Texts: A Prayer For the Sick

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by R. Gil Student

The Mi Shebeirakh for sick people is a common feature of Shabbos morning services. In many synagogues, people line up to give names of sick people to the gabbai who recites the prayer. However, the practice is questionable. In the text below, Rav Ya’akov (Mahari) Weil (15th cen., Germany) argues that it is forbidden to pray for sick people on Shabbos (Responsa Mahari Weil, no. 115). Significantly, later authorities follow this ruling.

Some permit the  Mi She-beirakh only for those deathly ill and in imminent danger, for whom we violate Shabbos laws. Others permit the prayer if we add the disclaimer that we are not allowed to pray for this sick on Shabbos (Shabbos hi mi-lizok, see Rema, Orach Chaim 288:10; Mishnah Berurah, ad loc., 28).

About Gil Student

Rabbi Gil Student is the Editor of TorahMusings.com, a leading website on Orthodox Jewish scholarly subjects, and the Book Editor of the Orthodox Union’s Jewish Action magazine. He writes a popular column on issues of Jewish law and thought featured in newspapers and magazines, including The Jewish Link, The Jewish Echo and The Vues. In the past, he has served as the President of the small Jewish publisher Yashar Books and as the Managing Editor of OU Press. Rabbi Student currently is serving his third term on the Executive Committee of the Rabbinical Council of America and also serves as the Director of the Halacha Commission of the Rabbinical Alliance of America. He serves on the Editorial Board of Jewish Action magazineand the Board of OU Press. He has published four English books, the most recent titled Search Engine volume 2: Finding Meaning in Jewish Texts -- Jewish Leadership, and served as the American editor for Morasha Kehillat Yaakov: Essays in Honour of Chief Rabbi Lord Jonathan Sacks.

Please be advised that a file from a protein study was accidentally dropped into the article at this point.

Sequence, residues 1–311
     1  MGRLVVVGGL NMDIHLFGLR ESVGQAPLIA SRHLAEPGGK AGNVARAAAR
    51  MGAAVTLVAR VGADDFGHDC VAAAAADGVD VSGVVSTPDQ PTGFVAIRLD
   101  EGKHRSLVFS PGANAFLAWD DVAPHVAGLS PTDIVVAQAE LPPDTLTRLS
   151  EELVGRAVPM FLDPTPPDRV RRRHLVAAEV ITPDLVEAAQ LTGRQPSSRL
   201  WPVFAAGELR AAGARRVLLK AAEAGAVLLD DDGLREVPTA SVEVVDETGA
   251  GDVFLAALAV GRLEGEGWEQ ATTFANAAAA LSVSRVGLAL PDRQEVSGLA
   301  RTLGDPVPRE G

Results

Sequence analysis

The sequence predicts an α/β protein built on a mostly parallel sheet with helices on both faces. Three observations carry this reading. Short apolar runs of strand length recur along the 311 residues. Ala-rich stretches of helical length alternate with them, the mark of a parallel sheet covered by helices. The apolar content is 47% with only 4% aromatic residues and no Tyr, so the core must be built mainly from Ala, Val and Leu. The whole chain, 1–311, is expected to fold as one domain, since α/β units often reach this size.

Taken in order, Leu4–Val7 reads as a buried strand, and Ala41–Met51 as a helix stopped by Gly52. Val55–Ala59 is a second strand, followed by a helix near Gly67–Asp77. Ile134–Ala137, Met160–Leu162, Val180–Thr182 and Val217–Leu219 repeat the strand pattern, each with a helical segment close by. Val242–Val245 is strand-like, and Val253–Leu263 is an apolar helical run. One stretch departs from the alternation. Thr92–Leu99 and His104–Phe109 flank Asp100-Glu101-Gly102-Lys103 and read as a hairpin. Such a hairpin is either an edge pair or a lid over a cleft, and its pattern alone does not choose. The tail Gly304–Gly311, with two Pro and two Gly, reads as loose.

One comment

  1. I don’t get the “שבת היא מלזעוק ורפואה קרובה לבוא” heter in the Mishnah Berurah. It is so much like the joke about the business deal that went on in shul on Shabbos. “Nisht Shabbos geret, I heard you’re selling 2 gross bolts of that new fabric.” “Nisht Shabbos geret, I am.” “Nisht Shabbos geret, for how much?” … (much later) “Nisht Shabbos geret, I’m interested.” “Nisht Shabbos geret, sorry I already sold.”

    Is it because we’re at least dealing with a choleh she’ein bo sakanah, so we don’t worry about ha’arama?

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